Ida Tin has a wish that her health app Clue will help women be more aware of their bodies and that this can lead to better health. The Kaospilot alumni developed the app because she wants to be able to look at her phone and know if it is a day she could get pregnant.

In 2015 Ida Tin became the European Female Web Entrepreneur of The Year because of her work with Clue. One of the things she has taken with her from Kaospilot is the mindset of being able to go for big and challenging ideas.





Clue is an app for women who want to track their menstrual cycle – for instance to know when is the best time to get pregnant. The user enters data about period, pain, mood, fluid, sexual activity and personal notes. The app then analyzes the data and can for example remind the user of her ovulation.


The company is based in Berlin and the CEO is Kaospilot alumni Ida Tin. In this interview she elaborates on the idea of Clue and explains how her background as a kaospilot influences her work.



How did you come up with the idea for Clue?


I was puzzled why nothing had been innovated in the space of family planning since the birth control pill came out more than half a century ago. I had the notion that new sensor technology, combined with smartphones had to offer some value in this space. That’s how Clue began: I wanted to look at my phone and know if it’s a day I could get pregnant – and everything else about my female health.


Why is it so important for you to give people this tool for family planning? 


Because our reproductive health is so foundational in our lives – everybody’s lives! Being in charge of childbearing and all the rest that goes on when you have a female body is crucial to your big life decisions and your everyday wellbeing.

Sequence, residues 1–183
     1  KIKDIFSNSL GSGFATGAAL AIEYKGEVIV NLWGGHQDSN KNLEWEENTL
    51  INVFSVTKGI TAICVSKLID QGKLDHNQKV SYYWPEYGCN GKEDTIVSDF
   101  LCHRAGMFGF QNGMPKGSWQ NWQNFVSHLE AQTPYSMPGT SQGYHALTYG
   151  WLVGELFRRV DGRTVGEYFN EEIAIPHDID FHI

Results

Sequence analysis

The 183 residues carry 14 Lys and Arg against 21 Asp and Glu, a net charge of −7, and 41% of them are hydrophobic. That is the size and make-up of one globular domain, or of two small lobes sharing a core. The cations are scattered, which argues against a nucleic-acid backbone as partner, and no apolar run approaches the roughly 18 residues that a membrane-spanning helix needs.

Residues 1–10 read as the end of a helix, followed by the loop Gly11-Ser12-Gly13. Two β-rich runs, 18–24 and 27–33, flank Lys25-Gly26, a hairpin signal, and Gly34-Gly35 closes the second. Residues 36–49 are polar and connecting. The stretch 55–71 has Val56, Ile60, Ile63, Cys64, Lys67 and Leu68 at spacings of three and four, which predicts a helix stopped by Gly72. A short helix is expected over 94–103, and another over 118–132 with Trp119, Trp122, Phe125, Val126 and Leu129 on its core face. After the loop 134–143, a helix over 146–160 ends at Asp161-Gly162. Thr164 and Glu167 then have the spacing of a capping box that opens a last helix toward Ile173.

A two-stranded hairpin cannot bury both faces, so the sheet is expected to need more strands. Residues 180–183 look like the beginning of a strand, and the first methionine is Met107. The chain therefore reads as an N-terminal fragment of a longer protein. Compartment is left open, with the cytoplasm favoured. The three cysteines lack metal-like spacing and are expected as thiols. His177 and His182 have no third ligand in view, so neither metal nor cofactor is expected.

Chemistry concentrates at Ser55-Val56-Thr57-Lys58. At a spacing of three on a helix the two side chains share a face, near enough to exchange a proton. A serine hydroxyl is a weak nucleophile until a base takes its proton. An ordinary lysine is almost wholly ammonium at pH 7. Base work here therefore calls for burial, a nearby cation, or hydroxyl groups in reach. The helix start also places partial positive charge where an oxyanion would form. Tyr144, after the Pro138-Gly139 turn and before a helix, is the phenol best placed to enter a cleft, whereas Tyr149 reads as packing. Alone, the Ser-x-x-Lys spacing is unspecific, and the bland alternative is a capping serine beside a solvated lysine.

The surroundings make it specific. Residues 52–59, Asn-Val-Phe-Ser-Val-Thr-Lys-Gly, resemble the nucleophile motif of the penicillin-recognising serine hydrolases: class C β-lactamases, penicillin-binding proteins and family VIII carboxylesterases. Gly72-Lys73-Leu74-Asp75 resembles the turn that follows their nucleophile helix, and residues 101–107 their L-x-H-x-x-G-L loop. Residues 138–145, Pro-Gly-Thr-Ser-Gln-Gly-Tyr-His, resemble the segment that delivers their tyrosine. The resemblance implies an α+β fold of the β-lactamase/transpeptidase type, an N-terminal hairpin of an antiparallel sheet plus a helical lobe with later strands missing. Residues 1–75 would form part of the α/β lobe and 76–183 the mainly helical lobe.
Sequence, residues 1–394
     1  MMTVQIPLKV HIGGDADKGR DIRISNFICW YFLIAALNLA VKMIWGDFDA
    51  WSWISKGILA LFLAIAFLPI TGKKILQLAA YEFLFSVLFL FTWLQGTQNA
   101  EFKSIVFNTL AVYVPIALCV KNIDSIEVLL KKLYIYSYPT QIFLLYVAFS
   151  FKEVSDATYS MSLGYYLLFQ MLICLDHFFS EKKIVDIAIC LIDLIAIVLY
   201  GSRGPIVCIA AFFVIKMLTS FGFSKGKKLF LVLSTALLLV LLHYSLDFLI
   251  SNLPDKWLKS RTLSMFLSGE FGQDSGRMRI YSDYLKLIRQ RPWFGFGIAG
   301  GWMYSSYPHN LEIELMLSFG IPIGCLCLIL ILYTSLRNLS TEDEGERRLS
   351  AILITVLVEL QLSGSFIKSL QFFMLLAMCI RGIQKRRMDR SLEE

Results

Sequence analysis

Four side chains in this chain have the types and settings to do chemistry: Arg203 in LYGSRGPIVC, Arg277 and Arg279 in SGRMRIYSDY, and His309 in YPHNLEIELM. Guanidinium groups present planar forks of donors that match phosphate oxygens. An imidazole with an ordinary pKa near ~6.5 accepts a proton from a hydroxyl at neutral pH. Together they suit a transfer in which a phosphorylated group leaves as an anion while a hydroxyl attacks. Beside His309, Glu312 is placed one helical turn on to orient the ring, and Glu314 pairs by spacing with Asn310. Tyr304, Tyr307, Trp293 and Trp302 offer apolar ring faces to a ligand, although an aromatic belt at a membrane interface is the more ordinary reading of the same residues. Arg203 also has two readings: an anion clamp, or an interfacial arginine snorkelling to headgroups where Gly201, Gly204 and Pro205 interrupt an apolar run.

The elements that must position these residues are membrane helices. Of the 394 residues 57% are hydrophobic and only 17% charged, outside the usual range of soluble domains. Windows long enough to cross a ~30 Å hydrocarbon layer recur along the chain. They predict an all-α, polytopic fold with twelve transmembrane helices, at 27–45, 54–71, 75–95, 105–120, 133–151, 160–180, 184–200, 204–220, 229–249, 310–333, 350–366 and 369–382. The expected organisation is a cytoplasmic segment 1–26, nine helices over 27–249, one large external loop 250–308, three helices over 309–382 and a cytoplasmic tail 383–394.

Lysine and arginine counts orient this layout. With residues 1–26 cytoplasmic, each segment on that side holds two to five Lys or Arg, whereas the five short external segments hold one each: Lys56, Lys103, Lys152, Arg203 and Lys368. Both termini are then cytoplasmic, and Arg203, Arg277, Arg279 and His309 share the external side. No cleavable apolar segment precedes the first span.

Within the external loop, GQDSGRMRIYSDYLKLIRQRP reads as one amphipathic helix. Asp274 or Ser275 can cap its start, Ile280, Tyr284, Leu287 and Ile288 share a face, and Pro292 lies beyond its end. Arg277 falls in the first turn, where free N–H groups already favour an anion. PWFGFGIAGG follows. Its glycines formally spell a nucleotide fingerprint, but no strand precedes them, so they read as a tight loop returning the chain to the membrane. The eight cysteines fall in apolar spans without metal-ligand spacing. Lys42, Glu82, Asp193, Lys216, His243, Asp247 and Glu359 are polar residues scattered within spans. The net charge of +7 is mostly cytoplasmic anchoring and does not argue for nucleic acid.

Is there a risk that it puts even more pressure on the women in the family planning?


No, at the contrary, it enables a conversation between two people in a relationship, or a patient and doctor. We know from our Clue users that tracking makes them more aware of their bodies and cycles, and that enables them to make better choices for themselves and their health. Having an app with scientifically sound information also empower women and men to overcome taboos and take good care of themselves.


How do you use your background as a kaospilot in the work with Clue?


The mindset of being able to go for even big and challenging ideas is important for even getting started, and that the Kaospilots are good at fostering.


I am an entrepreneur by heart. I have never been employed in a company that I didn’t start myself, and the Kaospilot education gave me a good launch pad to learn from. I have a broad understanding that enables me to learn fast in the many shifting areas where I need to make decisions and understand what is going on.


The cultural things – like creating space for employees to express emotions and personal things that take up space, also at work – are very important and something I learned at Kaospilot to find natural.


Perhaps most importantly the school’s emphasis on doing something meaningful and good for the world is still deeply rooted in me.


When you won the award “European Female Web Entrepreneur of The Year” you wrote in your facebook update that you hope the “female” of the award can become obsolete – what do you mean by that?  


I hope that in the future we will never even think about what gender people have, no matter what they do or where we meet them. Right now many more women need the inspiration and support to unfold their potential in startups – and that is why having a “woman” in front of all kind of things is maybe needed. Unfortunately I feel this “women” category often becomes a second tier tag, and creates side tracks where the real deals are not happening. We need to engage with men, and men need to open up on all levels – especially the subconscious ones! There’s a ton of gender bias that nobody even notices.


You can read more about Clue here:
If you also want to be a kaospilot you can apply here: